WASHINGTON ― More than 30 years after concerns about his views on race derailed his judicial nomination, Sen. Jeff Sessions (R-Ala.) was confirmed as the 84th attorney general of the United States on Wednesday.
It came nine days after President Donald Trump fired the acting attorney general, Sally Yates, who said Justice Department lawyers would not defend the president’s executive order on immigration and refugee resettlement. A federal appeals court heard arguments about the executive order on Tuesday night.
With Republicans in control of the Senate, Sessions’ nomination was never really in serious jeopardy. He was opposed by many civil rights groups, who have concerns about his record on voting rights and hate crimes. And after Trump fired Yates, many Democrats doubted Sessions would stand up to Trump, especially on immigration issues where Sessions was a vocal support of Trump.
Democrats knew they could not halt Sessions, but dragged out the confirmation as long as they could, in hopes of highlighting for the public all the aspects of Sessions’ record that they object to.
Indeed, lacking the votes to stop any of Trump’s nominees other than for the Supreme Court, the minority party has resorted to aggravating the GOP with stalling tactics and bringing as much attention as they can to what Senate Minority Leader Chuck Schumer (D-N.Y.) has called the least qualified cabinet in history.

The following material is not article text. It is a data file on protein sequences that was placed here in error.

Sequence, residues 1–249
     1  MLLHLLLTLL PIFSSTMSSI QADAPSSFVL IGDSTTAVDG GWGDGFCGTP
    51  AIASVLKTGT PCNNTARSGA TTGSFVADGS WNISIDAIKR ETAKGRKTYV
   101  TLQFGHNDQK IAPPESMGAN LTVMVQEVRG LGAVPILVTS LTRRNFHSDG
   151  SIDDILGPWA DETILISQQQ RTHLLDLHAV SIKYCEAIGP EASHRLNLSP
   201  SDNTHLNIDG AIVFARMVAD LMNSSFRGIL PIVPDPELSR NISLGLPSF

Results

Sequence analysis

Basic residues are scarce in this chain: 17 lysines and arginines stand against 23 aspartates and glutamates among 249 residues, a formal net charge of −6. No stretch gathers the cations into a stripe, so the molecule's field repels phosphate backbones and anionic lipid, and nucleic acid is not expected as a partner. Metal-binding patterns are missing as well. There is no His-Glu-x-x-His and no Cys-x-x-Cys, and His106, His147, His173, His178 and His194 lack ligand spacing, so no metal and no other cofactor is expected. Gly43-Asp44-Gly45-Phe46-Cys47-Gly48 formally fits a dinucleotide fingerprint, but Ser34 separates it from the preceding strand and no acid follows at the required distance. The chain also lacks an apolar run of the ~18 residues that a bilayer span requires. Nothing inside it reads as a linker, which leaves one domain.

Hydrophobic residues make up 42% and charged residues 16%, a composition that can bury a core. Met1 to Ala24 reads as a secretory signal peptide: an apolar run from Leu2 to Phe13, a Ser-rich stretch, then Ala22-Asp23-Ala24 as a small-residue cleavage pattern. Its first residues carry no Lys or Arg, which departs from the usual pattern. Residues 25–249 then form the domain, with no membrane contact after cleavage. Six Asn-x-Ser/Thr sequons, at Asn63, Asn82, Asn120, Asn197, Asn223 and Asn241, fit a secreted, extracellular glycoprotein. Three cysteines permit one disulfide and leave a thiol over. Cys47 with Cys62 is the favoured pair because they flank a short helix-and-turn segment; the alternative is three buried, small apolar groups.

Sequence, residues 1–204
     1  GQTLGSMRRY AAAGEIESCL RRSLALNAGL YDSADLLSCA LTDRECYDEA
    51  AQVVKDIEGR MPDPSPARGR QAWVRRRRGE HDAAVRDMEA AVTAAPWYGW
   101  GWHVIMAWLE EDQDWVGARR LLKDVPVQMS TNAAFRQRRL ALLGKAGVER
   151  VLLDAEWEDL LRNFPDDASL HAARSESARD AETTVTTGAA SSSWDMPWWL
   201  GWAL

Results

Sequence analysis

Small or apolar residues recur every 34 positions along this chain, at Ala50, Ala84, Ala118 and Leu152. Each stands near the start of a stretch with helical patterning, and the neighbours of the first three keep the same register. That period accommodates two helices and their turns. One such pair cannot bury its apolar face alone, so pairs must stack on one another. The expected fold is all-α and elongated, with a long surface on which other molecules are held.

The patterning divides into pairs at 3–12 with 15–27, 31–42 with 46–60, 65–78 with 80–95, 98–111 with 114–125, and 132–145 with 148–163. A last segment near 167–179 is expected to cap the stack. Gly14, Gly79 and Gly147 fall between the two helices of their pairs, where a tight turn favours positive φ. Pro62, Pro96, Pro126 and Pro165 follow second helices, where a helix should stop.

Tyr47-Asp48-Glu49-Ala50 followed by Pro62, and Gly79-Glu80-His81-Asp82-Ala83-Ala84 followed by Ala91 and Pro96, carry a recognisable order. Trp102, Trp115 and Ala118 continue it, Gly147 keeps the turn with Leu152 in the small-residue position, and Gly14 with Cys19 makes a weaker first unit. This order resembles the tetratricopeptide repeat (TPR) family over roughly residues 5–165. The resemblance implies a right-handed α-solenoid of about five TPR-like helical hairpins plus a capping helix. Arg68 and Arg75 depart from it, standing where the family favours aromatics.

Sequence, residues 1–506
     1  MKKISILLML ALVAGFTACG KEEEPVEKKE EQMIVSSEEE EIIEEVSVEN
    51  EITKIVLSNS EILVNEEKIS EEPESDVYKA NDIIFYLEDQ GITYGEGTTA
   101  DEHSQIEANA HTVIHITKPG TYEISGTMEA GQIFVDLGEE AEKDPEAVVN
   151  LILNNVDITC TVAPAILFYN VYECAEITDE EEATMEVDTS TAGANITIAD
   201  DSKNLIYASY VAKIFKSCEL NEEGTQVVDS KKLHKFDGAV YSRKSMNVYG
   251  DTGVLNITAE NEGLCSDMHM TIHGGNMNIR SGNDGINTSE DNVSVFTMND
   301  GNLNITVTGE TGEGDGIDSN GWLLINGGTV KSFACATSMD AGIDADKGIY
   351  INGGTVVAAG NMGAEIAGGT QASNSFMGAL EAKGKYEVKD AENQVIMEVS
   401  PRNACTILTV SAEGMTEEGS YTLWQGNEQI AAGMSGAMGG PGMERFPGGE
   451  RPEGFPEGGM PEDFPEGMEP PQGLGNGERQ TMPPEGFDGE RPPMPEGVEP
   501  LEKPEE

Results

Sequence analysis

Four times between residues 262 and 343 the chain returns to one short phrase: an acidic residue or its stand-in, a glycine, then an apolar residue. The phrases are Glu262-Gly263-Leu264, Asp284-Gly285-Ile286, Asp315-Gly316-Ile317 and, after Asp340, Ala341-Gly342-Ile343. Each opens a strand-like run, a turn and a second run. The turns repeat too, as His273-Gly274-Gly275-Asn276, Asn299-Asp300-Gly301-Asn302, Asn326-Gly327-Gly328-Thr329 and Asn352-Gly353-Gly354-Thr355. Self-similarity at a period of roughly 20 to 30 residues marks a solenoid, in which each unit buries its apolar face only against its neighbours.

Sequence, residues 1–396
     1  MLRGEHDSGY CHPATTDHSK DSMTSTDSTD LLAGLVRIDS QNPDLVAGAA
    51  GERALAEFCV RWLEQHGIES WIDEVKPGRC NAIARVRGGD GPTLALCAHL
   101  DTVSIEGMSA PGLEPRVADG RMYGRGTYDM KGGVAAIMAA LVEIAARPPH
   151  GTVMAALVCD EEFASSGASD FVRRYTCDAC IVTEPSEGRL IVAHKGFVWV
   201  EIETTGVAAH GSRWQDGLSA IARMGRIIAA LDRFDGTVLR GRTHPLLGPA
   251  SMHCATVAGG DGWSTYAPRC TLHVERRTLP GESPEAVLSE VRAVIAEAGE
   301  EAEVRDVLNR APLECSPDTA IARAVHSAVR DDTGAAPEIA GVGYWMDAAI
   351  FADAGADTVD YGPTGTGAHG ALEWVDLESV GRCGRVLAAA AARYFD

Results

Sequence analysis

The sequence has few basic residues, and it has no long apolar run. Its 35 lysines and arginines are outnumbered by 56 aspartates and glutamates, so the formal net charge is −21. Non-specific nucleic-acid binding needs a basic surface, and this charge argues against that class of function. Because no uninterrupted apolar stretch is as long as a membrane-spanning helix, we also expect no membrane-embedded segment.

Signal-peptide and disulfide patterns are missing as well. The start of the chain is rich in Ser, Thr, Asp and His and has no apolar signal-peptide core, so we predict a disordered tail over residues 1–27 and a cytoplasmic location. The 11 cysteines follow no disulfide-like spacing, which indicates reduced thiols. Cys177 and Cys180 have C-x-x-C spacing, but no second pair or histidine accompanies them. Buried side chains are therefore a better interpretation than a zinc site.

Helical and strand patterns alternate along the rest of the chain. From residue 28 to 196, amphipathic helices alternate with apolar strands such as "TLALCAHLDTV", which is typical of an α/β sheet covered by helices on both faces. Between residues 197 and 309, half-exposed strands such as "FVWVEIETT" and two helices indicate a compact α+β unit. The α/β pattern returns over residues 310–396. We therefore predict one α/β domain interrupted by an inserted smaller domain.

“These nominees are so far afield from what President-elect Tump promised, from what candidate Trump promised, and even President Trump promised … that we think that they demand a full, full vetting,” Schumer told reporters Tuesday. “I think it’s greatly weakening President Trump’s ability with the American people because he’s not doing what he promised.”
The tactic produced at least one high-profile moment during the floor debate over Sessions’ nomination on Tuesday night. Sen. Elizabeth Warren (D-Mass.) read a letter from Coretta Scott King opposing Sessions’ judicial nomination back in 1986, prompting Senate Majority Leader Mitch McConnell (R-Ky.) to invoke a rarely used rule to shut her down. It sparked a furor that angered women and civil rights advocates, and elevated the opinions King expressed against Sessions to a much broader audience.
Among other things, King had written that when Sessions was a U.S. attorney in Alabama, he “used the awesome power of his office to chill the free exercise of the vote by black citizens.”